Overall, 2016 was disappointing with average GDP growth of only 1.6% versus 2.6% in 2015. The main reason for this was the sharp fall in capital expenditure (see left-hand chart). Fears of a recession in early 2016 undermined the confidence of business leaders, who put their spending plans on hold until the economy stabilised. Higher oil prices should set the stage for oil companies to resume spending on machines and equipment, and this should boost US GDP growth in 2017.


In the area of international trade, the Trump administration raised the idea of applying a 20% tax on goods imported from Mexico in order to pay for the construction of a wall between the two countries. This tax could even be broadened in scope, applying to any country with which the United States is running a trade deficit. The lack of clarity over D. Trump’s international trade policy, if it persists, could have economic fallout. Mexican President E. Nieto reacted to these statements by cancelling a meeting scheduled for 31 January with D. Trump – who also reiterated his intention to renegotiate the North American Free Trade Agreement.


Just as with China, a trade war between Mexico and the United States would be bad for both countries. Mexico is highly dependent on the US economy and suffers from a lopsided trade structure: it has a USD 122.6 billion trade surplus with the United States but a significant trade deficit with the rest of the world (see charts). Rising domestic inflation, which is being fuelled by a depreciating peso in the face of widespread political uncertainty, is likely to force the central bank to tighten further its monetary policy at a time when GDP is struggling to get off the ground. If the United States applies a 20% import tax, Mexico would probably go into recession (-1.5% in 2017, according to our calculations, without taking into account secondary effects). From the US perspective, higher prices on imported goods would erode consumers’ purchasing power. The price of oil by-products, which account for 10% of Mexican exports to the United States, would go up if refineries passed the increase in production costs along to the end customer. In addition, Mexico is the United States’ second-largest export market and could very well respond with trade reprisals, such as in the agriculture sector.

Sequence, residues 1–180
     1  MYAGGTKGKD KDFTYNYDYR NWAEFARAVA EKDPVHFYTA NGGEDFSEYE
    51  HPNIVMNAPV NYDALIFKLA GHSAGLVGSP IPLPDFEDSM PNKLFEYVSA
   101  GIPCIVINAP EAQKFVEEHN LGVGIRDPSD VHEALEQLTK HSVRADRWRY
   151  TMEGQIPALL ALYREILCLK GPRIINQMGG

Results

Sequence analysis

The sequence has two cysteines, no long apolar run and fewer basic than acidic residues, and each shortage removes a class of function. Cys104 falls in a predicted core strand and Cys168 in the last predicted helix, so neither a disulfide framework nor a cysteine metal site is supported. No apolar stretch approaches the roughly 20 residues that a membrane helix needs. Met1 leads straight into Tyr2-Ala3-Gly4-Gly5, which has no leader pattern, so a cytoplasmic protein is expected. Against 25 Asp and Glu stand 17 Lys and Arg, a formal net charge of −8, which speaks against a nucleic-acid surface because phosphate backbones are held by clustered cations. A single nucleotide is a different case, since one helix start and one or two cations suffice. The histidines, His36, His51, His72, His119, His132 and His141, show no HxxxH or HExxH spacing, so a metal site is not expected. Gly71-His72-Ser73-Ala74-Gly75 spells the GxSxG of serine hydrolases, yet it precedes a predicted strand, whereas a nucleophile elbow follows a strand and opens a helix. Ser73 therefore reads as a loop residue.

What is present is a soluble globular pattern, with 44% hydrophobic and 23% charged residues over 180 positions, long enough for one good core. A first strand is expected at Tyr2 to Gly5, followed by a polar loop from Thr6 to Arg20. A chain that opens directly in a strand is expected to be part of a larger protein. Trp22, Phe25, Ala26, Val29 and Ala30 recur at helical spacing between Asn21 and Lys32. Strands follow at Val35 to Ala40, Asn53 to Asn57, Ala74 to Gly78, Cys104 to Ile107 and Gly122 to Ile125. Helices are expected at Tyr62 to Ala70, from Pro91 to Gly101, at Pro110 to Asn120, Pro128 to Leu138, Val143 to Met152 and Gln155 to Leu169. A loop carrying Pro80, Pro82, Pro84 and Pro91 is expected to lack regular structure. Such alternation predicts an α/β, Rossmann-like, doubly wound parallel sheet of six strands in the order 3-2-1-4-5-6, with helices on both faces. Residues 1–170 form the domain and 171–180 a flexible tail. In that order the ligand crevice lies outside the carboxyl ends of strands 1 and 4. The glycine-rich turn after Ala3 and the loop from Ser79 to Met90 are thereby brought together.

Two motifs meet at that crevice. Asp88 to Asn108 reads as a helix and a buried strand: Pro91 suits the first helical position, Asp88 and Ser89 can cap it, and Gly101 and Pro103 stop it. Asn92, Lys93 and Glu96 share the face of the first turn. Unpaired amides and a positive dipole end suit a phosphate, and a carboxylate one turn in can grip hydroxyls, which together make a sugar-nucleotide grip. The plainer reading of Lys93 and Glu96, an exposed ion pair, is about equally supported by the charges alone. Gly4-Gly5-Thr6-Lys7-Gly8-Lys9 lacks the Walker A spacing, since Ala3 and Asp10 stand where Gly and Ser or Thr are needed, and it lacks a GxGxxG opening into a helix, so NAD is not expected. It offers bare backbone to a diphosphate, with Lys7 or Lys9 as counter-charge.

In the Euro zone, the Markit Composite PMI index suggests that high private-sector growth in the fourth quarter of 2016 should remain on track in early 2017. After reaching 54.4 in December – its highest level in five and a half years – the index settled at 54.3 in January. The euro’s softness is lifting the private sector by increasing external demand for manufactured goods.


** Executive orders do not need to be approved by Congress, but they cannot violate existing laws or the Constitution. If Congress wants to overturn an executive order, it can pass a law to this effect. But the president can veto such a law, and Congress could only overrule the veto with a two-thirds majority. An executive order can also be challenged before the Supreme Court (whose ninth seat is still vacant). A federal judge, for example, partially suspended the implementation of D. Trump's executive order banning travellers from certain countries from setting foot on US territory. She deemed that blocking entry to people with a valid visa was unconstitutional.